Almost there, everyone. Today, we’ve got a look at what’s happening Cultivated News’ spiritual homeland of Ontario, why border dispensaries continue to rake it in, and much more.
A 6-minute read from JB and JR
ONTARIO GOES BIG
Ontario wants cannabis companies to get…bigger
What happened: Unlike other jurisdictions, Ontario is doing something different with its cannabis policy: It wants companies to be able to grow more, and get bigger.
On January 1, the Ontario government doubled the number of stores individual operators could run, from 75 to 150. And, grocery giant Loblaws is pushing Ontario’s government to let them open cannabis retail within their already-existing grocery stores, Global News reports.
Why it matters: Retailers in Ontario’s competitive cannabis industry have struggled to turn a profit since Canada legalized it in 2018.
What else is happening: Canadian cannabis producers have destroyed nearly 1,700 tons of weed since legalization began, The Toronto Star reports.
California’s Unified Cannabis Enforcement Taskforce has seized over $312 million in illicit cannabis in its first year of operation.
BORDER BOOM TOWN
Dispensaries on the border rake it in
What happened: In a return to a Cultivated team favorite topic, dispensaries on the borders of states without legal pot continue to rake it in.
Dispensaries in Sunland Park, New Mexico, which is right on the border of El Paso, Texas, drove over $4 million in cannabis sales in December, according to The El Paso Times.
Why it matters: Cannabis is one of the few industries that’s legal in New Mexico, but can carry criminal penalties in Texas. That leaves Texans to drive across the border for their pot. First, that’s a waste of police resources, and second, that’s a lot of tax revenue, and job creation, going uncaptured by Texas.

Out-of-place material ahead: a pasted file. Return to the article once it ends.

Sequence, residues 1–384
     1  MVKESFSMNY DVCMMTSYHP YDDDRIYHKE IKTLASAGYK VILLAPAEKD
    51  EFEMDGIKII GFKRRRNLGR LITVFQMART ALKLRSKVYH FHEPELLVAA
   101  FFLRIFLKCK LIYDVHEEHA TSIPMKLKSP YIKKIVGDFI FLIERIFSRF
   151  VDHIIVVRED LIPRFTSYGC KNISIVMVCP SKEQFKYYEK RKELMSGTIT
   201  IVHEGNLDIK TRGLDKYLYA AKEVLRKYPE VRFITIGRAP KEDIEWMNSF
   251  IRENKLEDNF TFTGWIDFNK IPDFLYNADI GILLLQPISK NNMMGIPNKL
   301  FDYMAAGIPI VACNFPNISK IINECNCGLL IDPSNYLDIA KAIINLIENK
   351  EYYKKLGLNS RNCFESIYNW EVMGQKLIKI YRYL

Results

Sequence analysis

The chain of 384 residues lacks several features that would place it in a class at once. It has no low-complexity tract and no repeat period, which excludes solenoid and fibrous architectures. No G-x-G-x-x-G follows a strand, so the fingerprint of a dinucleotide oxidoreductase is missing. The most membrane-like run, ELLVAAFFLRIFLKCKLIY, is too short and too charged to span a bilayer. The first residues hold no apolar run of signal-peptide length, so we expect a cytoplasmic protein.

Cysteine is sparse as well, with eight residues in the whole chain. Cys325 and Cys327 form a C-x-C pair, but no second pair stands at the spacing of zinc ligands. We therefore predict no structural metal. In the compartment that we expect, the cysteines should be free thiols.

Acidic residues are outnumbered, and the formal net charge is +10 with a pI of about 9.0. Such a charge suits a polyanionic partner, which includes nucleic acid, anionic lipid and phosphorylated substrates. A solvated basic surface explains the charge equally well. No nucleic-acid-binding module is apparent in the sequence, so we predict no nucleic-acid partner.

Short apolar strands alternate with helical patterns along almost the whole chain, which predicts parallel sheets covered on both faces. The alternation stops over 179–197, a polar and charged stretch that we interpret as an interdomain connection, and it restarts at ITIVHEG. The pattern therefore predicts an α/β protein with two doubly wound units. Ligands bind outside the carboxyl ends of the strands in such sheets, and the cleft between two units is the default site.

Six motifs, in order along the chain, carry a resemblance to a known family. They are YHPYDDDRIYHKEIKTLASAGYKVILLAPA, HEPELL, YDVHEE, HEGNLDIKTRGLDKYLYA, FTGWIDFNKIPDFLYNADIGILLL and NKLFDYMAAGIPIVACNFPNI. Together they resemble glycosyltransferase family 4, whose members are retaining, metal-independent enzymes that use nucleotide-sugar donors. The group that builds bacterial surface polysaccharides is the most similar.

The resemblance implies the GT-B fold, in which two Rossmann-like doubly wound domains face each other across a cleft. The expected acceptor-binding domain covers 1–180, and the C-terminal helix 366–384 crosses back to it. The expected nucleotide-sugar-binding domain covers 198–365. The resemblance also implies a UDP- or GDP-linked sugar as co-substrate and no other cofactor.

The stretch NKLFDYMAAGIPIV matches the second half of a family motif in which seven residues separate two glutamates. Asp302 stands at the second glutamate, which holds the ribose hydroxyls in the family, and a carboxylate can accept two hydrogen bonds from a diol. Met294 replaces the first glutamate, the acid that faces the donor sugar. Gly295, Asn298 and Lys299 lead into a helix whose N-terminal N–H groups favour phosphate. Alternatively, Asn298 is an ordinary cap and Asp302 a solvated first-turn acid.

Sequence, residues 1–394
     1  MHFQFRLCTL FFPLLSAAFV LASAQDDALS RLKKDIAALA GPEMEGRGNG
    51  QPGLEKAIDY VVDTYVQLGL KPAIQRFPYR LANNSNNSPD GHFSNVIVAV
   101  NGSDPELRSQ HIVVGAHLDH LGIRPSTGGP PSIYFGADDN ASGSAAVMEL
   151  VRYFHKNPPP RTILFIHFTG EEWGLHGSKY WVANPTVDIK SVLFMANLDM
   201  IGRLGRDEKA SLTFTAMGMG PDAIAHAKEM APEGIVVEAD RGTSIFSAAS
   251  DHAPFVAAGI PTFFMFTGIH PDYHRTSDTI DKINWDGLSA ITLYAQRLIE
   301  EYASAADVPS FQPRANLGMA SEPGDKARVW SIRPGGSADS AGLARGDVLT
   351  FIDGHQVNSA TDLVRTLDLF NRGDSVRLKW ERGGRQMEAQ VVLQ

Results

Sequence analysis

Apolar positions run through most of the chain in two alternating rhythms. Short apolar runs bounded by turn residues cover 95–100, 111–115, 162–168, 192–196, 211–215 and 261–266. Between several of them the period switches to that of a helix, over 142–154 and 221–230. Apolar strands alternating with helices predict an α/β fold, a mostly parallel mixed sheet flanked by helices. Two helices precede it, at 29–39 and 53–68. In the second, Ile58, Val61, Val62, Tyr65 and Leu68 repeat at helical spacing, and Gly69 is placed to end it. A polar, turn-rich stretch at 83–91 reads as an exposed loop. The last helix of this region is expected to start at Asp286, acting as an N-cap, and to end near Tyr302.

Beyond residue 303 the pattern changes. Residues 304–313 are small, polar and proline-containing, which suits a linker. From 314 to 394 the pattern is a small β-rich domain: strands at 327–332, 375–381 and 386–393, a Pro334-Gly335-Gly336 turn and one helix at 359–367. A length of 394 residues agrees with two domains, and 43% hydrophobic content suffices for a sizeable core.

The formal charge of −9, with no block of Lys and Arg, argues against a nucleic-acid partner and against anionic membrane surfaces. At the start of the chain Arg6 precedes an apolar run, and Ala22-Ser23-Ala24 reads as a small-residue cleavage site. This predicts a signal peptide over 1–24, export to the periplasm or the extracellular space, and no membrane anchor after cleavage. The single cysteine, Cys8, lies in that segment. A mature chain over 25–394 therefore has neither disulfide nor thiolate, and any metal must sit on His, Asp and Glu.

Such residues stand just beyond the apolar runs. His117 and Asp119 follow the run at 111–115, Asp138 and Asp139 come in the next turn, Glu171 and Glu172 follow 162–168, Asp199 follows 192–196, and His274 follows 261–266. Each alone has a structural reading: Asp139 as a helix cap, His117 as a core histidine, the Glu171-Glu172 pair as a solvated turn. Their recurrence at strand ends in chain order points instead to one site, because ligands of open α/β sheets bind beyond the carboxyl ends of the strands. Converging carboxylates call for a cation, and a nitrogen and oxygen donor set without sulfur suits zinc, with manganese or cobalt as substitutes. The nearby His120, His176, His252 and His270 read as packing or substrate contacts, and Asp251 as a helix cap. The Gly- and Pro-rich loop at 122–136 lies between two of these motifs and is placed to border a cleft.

Back up: Texas has strict medicinal cannabis laws on the books, but recreational use remains a misdemeanor. That’s left Texas hemp companies in the lurch, The Dallas Observer reports.
Moving cannabis to Schedule III won’t bring states into compliance
In other words, moving cannabis to Schedule III wouldn’t suddenly flip a switch for cannabis companies. They’ll still be violating federal law.
It’ll be up to the Justice Department to create a rule that would let cannabis companies sell pot in states where it’s allowed without prescriptions. That would look something like the Cole Memo, which directs the DOJ to keep their hands off of state-legal cannabis.
What would change: Moving cannabis to Schedule III would reduce criminal penalties associated with the production and sale of cannabis, but wouldn’t remove them entirely.
And, the CRS says that the Schedule III change would get rid of the industry’s hated 280E tax, which would reduce tax burdens and help a lot of smaller businesses stay afloat.
Our take: The move to Schedule III, coupled with that memo from the DOJ, plus some sort of congressional action on banking issues whether passing the SAFER Banking Act or similar legislation, could look like a form of quasi-legalization that’s far from perfect, as we’ve written.